The four player characters include two male and two female characters. They consist of a Corvo tech-engineer with a cybernetic arm, a Raag med-tech and xenologist, an Iz’kal covert ops specialist, and a Human military explorer. Interestingly, it is the Human character—Humans being primarily employed as mercenaries in this future—who is in charge rather than one of the major races of the Coalition. On the other hand, one race not represented in the ‘A Garden in Hell’ campaign are the Ravagers, who are available as a player character race in the Faith: The Sci-Fi RPG. Now there are reasons for this as the campaign does deal with secrets about the Ravager, but perhaps having a Ravager player character on the team would have been actually more interesting and more poignant once those secrets are revealed? Were a Game Master to want make adjustments to the campaign, this might be one that would add to ‘A Garden in Hell’.

The first of the two books in the box is the Rulebook. This is v1.5 of the Rulebook, which is available to download here. The Rulebook does include quick rules for creating player characters, so that a player could create his own to play through the campaign, though the four pre-generated player characters are designed with the campaign in mind. This version of the Rulebook benefits from more examples, but there is no example full play and the writing is perhaps a bit curt in places.

The ‘A Garden in Hell’ campaign casts the player characters as members of Team Inferi, a recon unit in the Coalition’s Planetary Expedition Corps. The Coalition has just launched a major operation against a Ravager strikeforce, but as the campaign begins, it is not going according to plan and Team Inferi finds itself alone, having crash-landed on System NT-44 after being attacked by Ravager forces. Team Inferi must survive this biologically rich and fecund world, recover what supplies they can and gather other survivors before going on to discover the secrets that the world hides. The structure of the campaign—which will find the player characters undertaking a wide array of mission types, including diplomatic, exploratory, patrol, recon, and rescue missions, and more—is somewhat linear in structure. There are points where the campaign opens up to allow the players to choose the missions that their characters can undertake and who they report to, allowing them to explore and experience more of the world and discover its secrets. Spread out over twenty-one chapters across four acts, the bulk of the encounters do involve combat, primarily against Ravager forces, but the planet is itself equally as dangerous, whether it is from native species or the environment itself, such as the acidic seas.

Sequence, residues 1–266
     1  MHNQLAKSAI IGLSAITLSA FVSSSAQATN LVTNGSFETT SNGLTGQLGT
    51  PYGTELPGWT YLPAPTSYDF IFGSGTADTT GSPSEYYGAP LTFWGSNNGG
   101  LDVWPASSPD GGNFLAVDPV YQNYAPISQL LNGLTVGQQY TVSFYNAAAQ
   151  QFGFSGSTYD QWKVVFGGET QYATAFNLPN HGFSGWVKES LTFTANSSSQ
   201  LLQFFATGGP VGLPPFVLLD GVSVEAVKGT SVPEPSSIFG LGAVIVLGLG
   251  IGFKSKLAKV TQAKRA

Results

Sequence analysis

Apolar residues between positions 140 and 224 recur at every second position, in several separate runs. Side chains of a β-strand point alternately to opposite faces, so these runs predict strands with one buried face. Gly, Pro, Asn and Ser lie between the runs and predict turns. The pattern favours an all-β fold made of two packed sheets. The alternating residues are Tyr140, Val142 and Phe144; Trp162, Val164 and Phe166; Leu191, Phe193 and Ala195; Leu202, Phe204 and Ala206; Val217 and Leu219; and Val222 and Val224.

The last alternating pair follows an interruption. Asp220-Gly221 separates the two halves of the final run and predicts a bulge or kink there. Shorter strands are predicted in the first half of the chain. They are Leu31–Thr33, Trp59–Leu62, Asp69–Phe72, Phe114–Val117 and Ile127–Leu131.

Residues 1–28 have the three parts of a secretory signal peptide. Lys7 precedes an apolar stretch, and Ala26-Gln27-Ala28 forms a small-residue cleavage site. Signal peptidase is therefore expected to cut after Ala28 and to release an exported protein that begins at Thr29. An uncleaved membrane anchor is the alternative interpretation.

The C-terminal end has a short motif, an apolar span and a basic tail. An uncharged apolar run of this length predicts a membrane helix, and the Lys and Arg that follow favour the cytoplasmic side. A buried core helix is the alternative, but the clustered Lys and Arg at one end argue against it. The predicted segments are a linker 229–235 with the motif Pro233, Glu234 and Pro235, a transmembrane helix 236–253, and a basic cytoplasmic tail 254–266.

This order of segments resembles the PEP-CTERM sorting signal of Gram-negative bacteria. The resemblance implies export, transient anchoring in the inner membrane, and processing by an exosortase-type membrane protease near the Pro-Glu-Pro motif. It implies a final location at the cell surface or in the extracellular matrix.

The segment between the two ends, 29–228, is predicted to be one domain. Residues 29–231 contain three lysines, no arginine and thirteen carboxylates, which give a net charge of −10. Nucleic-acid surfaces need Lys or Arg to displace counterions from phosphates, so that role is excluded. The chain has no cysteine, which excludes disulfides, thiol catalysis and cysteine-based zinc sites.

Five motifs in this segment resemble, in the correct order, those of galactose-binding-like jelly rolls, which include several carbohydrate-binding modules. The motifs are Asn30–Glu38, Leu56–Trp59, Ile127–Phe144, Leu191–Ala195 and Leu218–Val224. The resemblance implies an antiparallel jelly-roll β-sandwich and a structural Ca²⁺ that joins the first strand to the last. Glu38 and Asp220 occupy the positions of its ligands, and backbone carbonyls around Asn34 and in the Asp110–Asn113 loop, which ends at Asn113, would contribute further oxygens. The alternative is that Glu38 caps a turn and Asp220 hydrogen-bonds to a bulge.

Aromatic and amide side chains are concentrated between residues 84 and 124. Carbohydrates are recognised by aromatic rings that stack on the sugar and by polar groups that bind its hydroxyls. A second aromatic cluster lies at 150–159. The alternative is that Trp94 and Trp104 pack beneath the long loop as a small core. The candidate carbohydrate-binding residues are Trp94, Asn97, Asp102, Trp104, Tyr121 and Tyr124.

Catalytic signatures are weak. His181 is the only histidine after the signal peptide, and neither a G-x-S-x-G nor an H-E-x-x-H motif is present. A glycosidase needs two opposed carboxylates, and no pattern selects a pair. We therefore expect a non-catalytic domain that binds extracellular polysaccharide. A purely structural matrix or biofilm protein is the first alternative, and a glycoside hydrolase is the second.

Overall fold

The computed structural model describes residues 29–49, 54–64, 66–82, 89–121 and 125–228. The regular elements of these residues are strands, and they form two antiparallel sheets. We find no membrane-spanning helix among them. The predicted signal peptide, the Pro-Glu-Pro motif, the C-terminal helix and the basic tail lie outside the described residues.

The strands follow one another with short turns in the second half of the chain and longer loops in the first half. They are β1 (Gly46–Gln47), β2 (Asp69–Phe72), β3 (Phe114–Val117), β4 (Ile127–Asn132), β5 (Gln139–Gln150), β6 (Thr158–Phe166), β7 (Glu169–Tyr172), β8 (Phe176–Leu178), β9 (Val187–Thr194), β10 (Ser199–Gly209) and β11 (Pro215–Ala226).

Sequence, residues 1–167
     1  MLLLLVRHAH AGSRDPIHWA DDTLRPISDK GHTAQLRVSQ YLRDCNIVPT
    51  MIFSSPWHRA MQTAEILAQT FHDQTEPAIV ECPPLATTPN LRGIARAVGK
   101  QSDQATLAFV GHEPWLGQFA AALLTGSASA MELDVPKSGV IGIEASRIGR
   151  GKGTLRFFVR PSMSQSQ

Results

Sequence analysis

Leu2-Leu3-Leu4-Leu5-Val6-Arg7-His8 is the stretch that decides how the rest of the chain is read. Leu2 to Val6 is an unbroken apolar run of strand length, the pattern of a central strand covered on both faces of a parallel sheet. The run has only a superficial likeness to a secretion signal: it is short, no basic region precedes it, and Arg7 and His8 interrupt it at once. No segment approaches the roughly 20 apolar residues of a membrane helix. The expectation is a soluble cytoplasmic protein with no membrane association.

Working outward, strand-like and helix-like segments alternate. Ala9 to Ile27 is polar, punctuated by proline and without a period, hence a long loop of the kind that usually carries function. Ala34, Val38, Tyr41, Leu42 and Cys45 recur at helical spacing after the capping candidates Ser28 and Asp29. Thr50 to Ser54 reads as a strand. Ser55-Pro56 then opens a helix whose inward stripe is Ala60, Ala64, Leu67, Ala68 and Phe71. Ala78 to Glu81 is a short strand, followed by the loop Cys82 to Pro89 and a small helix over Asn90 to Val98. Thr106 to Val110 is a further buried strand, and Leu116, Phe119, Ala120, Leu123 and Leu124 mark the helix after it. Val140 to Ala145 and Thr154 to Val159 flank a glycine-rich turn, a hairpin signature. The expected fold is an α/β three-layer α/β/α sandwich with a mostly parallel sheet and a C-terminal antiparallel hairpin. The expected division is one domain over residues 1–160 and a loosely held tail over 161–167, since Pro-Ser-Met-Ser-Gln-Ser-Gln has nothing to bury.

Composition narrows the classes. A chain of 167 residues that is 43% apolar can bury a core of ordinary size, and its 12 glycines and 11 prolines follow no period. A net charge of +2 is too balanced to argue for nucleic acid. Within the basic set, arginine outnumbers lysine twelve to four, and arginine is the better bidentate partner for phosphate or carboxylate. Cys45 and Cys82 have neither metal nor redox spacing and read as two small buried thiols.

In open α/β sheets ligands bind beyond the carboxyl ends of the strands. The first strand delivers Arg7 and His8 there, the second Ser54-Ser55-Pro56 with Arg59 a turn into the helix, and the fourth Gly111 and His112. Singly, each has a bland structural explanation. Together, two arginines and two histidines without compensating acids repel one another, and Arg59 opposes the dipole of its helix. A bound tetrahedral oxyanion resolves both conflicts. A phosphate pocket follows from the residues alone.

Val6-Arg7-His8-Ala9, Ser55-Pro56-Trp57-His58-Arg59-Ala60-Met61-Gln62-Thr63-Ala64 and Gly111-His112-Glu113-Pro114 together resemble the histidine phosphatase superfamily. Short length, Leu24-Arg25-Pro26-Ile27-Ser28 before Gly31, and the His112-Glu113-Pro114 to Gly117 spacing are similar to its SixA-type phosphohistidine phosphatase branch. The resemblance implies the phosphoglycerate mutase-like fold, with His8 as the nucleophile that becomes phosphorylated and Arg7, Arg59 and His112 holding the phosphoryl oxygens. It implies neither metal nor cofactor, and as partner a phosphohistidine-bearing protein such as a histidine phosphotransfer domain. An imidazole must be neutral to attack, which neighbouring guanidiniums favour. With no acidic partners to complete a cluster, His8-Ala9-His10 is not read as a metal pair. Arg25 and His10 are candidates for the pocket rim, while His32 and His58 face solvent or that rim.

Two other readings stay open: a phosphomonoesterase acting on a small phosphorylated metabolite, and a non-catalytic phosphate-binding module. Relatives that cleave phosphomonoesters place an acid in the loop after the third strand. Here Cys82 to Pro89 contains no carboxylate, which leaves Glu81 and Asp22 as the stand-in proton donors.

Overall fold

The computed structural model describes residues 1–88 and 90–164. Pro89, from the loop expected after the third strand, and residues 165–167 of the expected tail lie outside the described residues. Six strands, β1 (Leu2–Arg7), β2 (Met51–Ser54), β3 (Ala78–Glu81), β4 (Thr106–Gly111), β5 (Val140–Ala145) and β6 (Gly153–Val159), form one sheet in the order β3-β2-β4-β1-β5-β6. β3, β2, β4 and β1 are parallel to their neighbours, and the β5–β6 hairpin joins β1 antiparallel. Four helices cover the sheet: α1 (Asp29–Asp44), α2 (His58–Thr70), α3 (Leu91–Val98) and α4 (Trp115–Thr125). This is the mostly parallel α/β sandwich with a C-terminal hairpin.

The ‘A Garden in Hell’ campaign does involve quite a lot of purple prose to read out, but notably, the first scene is specifically designed to walk the Game Master and his players through the rules and how they work. Essentially this can be done as soon as the Game Opens the box and examines everything, but to be fair, he would benefit from reading through the Rulebook first before running the campaign.

Unfortunately, FAITH: A Garden in Hell - RPG Starter Set is not without its issues. The most obvious one is an insufficient number of Player Decks. Now the new edition of the Rulebook that comes with this Starter Set does include new rules for multiple players to play using just the one Player Deck, but if they want a better showcase for the rules, a playing group can easily substitute Poker decks though or use those found in the Faith: The Sci-Fi RPG. The other is the writing itself. Although clear in meaning, it is often unnaturally phrased in places, for example, the use of ‘Unconfronted’ instead of ‘Uncontested’. Ideally, it needed localising before seeing print.

Physically, the components in FAITH: A Garden in Hell - RPG Starter Set are all in full colour and of good quality. Of course, the artwork in both the books and on the cards is fantastic and fantastical. In particular, the artwork created for the campaign—including the cartography—is particularly good and much of it can be used as illustrations to show the players as they play through the campaign.

Faith: The Sci-Fi RPG was a difficult game to approach because it did not give the Game Master and his players the means to apply it. FAITH: A Garden in Hell - RPG Starter Set does this and more. It provides the means to apply the rules and get a feel for what for the RPG is like, doing so through better presented rules and a playthrough example. Above all, FAITH: A Garden in Hell - RPG Starter Set provides a solidly written, well presented campaign that offers multiple sessions of good play and a taste of the Faith: The Sci-Fi RPG universe.

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Currently, funds are being raised on Kickstarter for FAITH: The Sci-Fi RPG Core Book, which includes the complete rules and background.